Black Velvet (beer cocktail)

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Black Velvet
Cocktail
Black Velvet Cocktail Layered.jpg
A layered Black Velvet cocktail with the stout on the top
TypeMixed drink
ServedStraight
Standard drinkwarePilsner glass
Commonly used ingredientsStout and Champagne
PreparationMix equal parts stout and Champagne
Prince Albert in 1860, the year before his death

The Black Velvet is a beer cocktail made from a combination of stout (often Guinness) and white sparkling wine (often Champagne).

History[edit]

The drink was first made by a bartender of Brooks's Club in London in 1861 to mourn the death of Prince Albert, Queen Victoria's Prince Consort.[1][2] It is supposed to symbolize the black armbands worn by mourners.[3] It was said that “even the champagne should be in mourning.”[3][4] Today, the drink is not exclusive to mourning.[3]

Preparation[edit]

A Black Velvet is made by mixing equal parts of stout and Champagne or cider without ice.[3]

Layered variation[edit]

A Black Velvet can also be made by filling a champagne flute halfway with sparkling wine and floating the chilled stout beer on top of the wine.[5] The differing densities of the liquids cause them to remain largely in separate layers (as in a pousse-café).[5] The effect is best achieved by pouring the stout over a spoon turned upside down over the top of the glass.[5][6]

Similar drinks[edit]

  • When cider or perry is used in place of champagne, it is still known as a Black Velvet in its originating country (the UK).[7] Outside of the UK, the cider version is sometimes referred to as a Poor Man's Black Velvet.[6][8]
  • In Germany, a version of the drink made with Schwarzbier (a dark lager) and served in a beer stein or beer mug is called a "Bismarck" after the chancellor, Otto von Bismarck, who supposedly drank it by the gallon.[9][10][11]
  • The Champagne Velvet appeared in Jacob Grohusko's 1910 cocktail guide Jack's Manual, and called for equal parts cold porter and champagne, stirred slowly in a goblet.[12]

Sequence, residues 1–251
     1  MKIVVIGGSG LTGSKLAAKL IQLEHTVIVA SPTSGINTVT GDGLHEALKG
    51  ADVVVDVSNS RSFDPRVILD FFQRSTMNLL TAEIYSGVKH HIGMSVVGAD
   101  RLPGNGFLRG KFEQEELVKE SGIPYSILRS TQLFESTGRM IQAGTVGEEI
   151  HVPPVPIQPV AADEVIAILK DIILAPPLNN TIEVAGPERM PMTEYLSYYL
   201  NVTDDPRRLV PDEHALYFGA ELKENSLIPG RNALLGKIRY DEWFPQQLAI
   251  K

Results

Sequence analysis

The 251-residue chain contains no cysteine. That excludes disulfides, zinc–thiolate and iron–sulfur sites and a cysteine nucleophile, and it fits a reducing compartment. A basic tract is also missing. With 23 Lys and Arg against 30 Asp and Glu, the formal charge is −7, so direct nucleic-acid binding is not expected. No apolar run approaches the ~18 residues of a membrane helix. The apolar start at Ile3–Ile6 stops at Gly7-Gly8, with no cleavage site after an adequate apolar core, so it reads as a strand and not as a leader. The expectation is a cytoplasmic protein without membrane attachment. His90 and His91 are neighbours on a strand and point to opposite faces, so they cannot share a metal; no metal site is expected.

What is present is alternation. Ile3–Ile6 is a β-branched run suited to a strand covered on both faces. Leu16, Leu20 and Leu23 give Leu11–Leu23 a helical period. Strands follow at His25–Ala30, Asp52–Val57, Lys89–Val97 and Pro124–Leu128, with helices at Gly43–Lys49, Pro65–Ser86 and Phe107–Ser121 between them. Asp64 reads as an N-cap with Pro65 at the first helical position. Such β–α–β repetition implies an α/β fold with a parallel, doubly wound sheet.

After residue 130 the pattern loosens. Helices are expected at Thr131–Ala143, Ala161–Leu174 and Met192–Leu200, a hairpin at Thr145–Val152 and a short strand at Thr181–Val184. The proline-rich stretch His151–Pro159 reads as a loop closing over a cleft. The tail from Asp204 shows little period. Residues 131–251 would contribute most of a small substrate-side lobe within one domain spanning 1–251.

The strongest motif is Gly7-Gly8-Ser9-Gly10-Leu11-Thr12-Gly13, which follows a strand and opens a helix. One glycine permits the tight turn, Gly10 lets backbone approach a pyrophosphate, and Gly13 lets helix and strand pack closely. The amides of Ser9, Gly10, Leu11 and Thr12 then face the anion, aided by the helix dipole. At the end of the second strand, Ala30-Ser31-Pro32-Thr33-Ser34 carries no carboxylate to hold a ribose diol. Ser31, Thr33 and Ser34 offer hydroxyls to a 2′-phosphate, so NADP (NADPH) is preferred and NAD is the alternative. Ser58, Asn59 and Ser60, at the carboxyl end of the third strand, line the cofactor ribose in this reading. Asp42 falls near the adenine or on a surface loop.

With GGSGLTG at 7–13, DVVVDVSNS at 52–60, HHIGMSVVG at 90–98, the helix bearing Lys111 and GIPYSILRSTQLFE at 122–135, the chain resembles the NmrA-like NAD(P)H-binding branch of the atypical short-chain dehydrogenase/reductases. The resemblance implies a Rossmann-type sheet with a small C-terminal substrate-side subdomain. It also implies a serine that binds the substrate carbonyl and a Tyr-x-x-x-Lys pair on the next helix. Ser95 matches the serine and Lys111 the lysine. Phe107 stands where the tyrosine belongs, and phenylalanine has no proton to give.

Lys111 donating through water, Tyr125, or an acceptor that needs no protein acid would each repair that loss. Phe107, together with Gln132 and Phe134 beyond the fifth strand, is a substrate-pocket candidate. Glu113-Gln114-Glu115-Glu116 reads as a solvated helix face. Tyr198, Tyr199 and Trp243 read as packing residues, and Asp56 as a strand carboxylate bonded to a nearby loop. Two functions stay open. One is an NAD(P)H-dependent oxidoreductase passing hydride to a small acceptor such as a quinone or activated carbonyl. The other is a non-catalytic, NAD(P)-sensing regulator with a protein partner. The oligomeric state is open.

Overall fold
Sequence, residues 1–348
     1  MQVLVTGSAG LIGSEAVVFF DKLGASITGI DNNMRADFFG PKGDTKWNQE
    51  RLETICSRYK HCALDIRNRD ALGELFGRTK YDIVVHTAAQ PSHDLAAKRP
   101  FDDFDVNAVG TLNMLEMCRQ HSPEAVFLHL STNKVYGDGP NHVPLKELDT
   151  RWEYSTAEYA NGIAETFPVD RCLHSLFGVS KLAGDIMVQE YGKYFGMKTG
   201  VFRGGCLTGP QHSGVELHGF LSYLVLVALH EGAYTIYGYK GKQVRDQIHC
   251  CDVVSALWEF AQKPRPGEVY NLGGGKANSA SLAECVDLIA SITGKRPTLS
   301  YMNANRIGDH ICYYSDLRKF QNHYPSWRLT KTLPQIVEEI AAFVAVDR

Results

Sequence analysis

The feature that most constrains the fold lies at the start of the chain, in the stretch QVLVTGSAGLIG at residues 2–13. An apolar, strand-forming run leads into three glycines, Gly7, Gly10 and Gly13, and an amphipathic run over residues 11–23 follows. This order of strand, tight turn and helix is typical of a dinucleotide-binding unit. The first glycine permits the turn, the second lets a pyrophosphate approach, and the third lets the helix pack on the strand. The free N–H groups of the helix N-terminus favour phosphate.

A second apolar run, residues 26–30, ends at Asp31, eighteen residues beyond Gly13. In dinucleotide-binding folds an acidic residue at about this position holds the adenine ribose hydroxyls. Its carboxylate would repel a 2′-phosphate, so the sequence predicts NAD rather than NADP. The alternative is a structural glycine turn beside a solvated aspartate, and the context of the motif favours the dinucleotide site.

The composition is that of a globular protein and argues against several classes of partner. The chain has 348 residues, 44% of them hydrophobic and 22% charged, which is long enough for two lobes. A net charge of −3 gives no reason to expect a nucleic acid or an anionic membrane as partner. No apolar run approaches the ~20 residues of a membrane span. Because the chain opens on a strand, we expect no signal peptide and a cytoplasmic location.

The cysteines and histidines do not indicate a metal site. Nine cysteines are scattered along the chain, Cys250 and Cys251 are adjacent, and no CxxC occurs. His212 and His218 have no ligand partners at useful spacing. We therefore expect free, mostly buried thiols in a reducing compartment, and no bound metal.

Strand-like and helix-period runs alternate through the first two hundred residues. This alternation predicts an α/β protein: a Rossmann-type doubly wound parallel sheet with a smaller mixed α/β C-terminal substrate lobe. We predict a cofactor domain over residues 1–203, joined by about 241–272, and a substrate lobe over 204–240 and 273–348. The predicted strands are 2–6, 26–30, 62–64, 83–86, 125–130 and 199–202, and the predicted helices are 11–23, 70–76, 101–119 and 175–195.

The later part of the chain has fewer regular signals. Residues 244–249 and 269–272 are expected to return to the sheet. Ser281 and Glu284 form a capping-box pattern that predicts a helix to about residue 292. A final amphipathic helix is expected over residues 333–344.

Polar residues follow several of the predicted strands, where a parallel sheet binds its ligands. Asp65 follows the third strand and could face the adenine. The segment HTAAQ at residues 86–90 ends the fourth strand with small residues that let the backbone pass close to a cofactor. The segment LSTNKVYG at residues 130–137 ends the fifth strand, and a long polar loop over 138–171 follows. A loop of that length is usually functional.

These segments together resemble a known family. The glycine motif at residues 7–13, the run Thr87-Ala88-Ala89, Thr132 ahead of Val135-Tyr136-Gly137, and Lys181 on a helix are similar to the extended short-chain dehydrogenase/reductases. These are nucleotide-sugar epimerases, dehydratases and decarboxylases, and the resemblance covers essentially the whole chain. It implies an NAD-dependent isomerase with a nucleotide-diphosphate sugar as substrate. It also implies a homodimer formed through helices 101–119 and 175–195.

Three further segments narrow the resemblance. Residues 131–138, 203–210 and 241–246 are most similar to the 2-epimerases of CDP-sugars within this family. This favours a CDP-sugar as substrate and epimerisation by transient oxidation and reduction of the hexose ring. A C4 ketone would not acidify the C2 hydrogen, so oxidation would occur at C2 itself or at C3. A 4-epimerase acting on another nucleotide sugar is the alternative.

Bien JoJay

References[edit]

  1. ^ Calabrese, Salvatore (1997). Classic Cocktails. New York: Sterling Publishing. p. 83. ISBN 9780806905075.
  2. ^ "Black Velvet". guinness.com. Retrieved 31 January 2019.
  3. ^ a b c d "Sparkling Champagne cocktails for a bubbly New Year's Eve". www.msn.com. Retrieved 2021-04-13.
  4. ^ "Guinness' black velvet cocktail recipe". IrishCentral.com. 2020-03-14. Retrieved 2021-04-13.
  5. ^ a b c "Celebratory bubbles: sparkling wine cocktails keep costs low, but spirits high". Arkansas Online. 2017-12-27. Retrieved 2021-04-13.
  6. ^ a b "Black Velvet".
  7. ^ "Tipsy-Turvy: A celebration of Irish spirits and drinks | The Star". www.thestar.com.my. Retrieved 2021-04-13.
  8. ^ Toole, Connor. "4 Ways To Drink Guinness Today Besides Chugging It As Fast As You Can". Elite Daily. Retrieved 2021-04-13.
  9. ^ Bygrave, Sam (2020-05-10). "When champagne and Guinness collide: the Black Velvet cocktail". australianbartender.com.au. Retrieved 2021-04-13.
  10. ^ "Here's a blend and stretch exercise". Newspapers.com. 26 June 2015. Retrieved 2021-04-13.{{cite web}}: CS1 maint: url-status (link)
  11. ^ "Tall, Dark and Bubbly". Newspapers.com. 25 January 2006. Retrieved 2021-04-13.{{cite web}}: CS1 maint: url-status (link)
  12. ^ Grohusko, Jacob (1910). Jack's Manual. New York: McClunn & Co. p. 36.